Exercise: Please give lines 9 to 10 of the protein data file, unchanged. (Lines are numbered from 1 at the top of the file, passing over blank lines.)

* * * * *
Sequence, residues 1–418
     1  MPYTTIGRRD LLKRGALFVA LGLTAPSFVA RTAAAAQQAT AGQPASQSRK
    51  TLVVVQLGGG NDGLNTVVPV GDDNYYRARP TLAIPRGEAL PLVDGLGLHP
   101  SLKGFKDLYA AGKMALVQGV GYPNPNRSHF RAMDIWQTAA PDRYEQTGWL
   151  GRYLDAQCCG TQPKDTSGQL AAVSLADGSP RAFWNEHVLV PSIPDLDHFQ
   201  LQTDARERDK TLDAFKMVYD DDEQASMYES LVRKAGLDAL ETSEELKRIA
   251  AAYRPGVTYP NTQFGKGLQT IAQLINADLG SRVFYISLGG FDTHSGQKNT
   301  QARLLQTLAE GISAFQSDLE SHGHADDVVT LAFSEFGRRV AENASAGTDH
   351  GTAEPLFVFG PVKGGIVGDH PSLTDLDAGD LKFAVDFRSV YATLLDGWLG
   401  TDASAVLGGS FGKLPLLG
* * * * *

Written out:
   351  GTAEPLFVFG PVKGGIVGDH PSLTDLDAGD LKFAVDFRSV YATLLDGWLG
   401  TDASAVLGGS FGKLPLLG